A dizzying confluence of factors cast a pall over markets to start the new week, one of which is an investigative piece detailing the familiar combination of gross negligence and complicity at banks involved in illicit transactions.
The truly damning report comes from the International Consortium of Investigative Journalists and stems from leaked documents obtained by BuzzFeed. In essence, it confirms what scarcely needed further confirmation — namely that some of the world’s largest financial institutions aren’t always scrupulous when it comes to the transfer of possibly illicit funds, and neither are they particularly discriminating when it comes to choosing clients.
“Secret US government documents reveal that JPMorgan Chase, HSBC, and other big banks have defied money laundering crackdowns by moving staggering sums of illicit cash for shadowy characters and criminal networks that have spread chaos and undermined democracy around the world”, the ICIJ report begins, adding that,
The records show that five global banks – JPMorgan, HSBC, Standard Chartered Bank, Deutsche Bank and Bank of New York Mellon – kept profiting from powerful and dangerous players even after US authorities fined these financial institutions for earlier failures to stem flows of dirty money.
The leaked documents, known as the FinCEN Files, include more than 2,100 suspicious activity reports filed by banks and other financial firms with the US Department of Treasury’s Financial Crimes Enforcement Network. The agency, known in shorthand as FinCEN, is an intelligence unit at the heart of the global system to fight money laundering.
BuzzFeed News obtained the records and shared them with the International Consortium of Investigative Journalists. ICIJ organized a team of more than 400 journalists from 110 news organizations in 88 countries to investigate the world of banks and money laundering.
In all, an ICIJ analysis found, the documents identify more than $2 trillion in transactions between 1999 and 2017 that were flagged by financial institutions’ internal compliance officers as possible money laundering or other criminal activity – including $514 billion at JPMorgan and $1.3 trillion at Deutsche Bank.
That’s the gist of it. At the risk of coming across as unduly nonchalant, color me not surprised.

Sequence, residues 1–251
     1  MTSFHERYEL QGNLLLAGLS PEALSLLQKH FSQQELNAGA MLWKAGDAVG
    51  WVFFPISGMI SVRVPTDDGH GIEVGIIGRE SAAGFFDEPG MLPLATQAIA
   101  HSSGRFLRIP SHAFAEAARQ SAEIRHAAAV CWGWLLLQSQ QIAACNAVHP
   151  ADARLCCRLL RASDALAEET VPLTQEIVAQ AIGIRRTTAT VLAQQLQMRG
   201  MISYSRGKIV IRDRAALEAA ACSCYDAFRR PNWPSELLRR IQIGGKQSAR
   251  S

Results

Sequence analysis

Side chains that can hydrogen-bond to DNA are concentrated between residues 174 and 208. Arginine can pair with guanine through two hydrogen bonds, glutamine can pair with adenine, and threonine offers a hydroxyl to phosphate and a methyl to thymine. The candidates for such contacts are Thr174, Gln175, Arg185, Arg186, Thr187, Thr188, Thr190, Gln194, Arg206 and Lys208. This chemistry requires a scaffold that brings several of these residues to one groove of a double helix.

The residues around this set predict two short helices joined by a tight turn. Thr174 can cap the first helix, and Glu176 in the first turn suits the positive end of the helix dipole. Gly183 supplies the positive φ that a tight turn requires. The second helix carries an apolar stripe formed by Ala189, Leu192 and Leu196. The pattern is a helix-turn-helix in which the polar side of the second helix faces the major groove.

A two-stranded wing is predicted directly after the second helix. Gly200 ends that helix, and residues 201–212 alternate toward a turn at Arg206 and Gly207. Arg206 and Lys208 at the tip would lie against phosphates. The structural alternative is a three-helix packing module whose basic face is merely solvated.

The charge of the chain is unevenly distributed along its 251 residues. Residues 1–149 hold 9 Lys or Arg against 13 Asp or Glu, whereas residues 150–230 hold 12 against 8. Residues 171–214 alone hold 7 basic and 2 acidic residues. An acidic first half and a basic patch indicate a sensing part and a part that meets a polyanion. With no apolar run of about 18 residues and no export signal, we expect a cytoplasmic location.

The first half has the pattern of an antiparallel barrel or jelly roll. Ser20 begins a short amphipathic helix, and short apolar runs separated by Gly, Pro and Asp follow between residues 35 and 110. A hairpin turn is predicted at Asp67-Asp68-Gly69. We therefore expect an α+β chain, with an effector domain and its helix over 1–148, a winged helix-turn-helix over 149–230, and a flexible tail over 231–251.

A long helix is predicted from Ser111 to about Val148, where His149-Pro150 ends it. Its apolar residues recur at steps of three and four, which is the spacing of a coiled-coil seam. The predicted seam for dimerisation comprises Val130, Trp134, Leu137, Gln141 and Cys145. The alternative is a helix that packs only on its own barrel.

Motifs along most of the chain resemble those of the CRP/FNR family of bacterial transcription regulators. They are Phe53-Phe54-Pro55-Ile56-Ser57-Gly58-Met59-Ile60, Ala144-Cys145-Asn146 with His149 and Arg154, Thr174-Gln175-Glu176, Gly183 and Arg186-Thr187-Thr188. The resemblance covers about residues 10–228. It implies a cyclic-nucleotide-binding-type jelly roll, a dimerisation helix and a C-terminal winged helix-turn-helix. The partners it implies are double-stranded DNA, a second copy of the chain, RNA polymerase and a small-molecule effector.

The details reveal the facilitation of transactions tied to infamous figures accused of corruption, embezzlement, evading sanctions, and fraud. Some of your “favorite” names are on the list, including Paul Manafort, Dmitry Firtash, Oleg Deripaska, and Reza Zarrab, among plenty of others.
The reporting is exhaustive, but ICIJ strikes a somewhat fatalistic tone throughout, noting that the FinCEN Files “represent less than 0.02% of the more than 12 million suspicious activity reports that financial institutions filed with FinCEN between 2011 and 2017”.
In other words, “tip of the iceberg” is a useful, but in this case wholly inadequate, way to describe the impossible task of untangling the web of illicit funds moving through the global banking system at any given minute.
The flagship piece (published Sunday) offers a simple explanation for this endemic phenomenon. “Why do banks move suspect money?”, ICIJ asks. “Because it’s profitable”.
There you go. And threats of government fines and criminal proceedings are not just poor deterrents, they are almost irrelevant considering a variety of mitigating factors including, but certainly not limited to, the notion that white collar crime isn’t aggressively prosecuted, the opacity of the transactions, the sheer scope of the problem (which ICIJ notes is overwhelming for bureaucrats), and likely corruption all along the chain.
This is bad news at a time when banks were already underperforming in 2020 and still carry heavy baggage from the financial crisis.
“It all risks another black eye for major international banks that paid a total of $20 billion from 2012 through 2015 for having lax controls against money laundering, helping clients evade taxes or violate US sanctions”, Bloomberg notes, in a piece that quotes Tom Cardamone, managing director of a Washington-based organization that tracks illegal money flows.
“[Some] clients [are] so bad that numerous suspicious activity reports are being filed about them, but no one ever does anything about it”, Cardamone mused.
HSBC was bludgeoned Monday thanks in part to the ICIJ report, but also on fears that the bank could be added to China’s dreaded “unreliable entity list”, a long-threatened retaliatory mechanism Beijing intends to use to counteract western efforts to stifle Xi’s global ambitions or otherwise undermine Chinese national security.
There’s no reason to be anything other than despondent about this. Combatting the flow of illicit money through the global financial system is as futile an exercise as the war on drugs, which is ironic because the two very often overlap.
Underscoring the sheer futility is the ICIJ report itself. “Documents in the FinCEN Files show compliance workers at major banks often resort to basic Google searches to try to learn who’s behind transfers involving hundreds of millions of dollars”, the report reads.
Needless to say, that leaves those compliance workers perpetually behind the curve. “Banks frequently file suspicious activity reports only after a transaction or customer becomes the subject of a negative news article or a government inquiry”, ICIJ goes on to write. By that time, “the money is long gone”.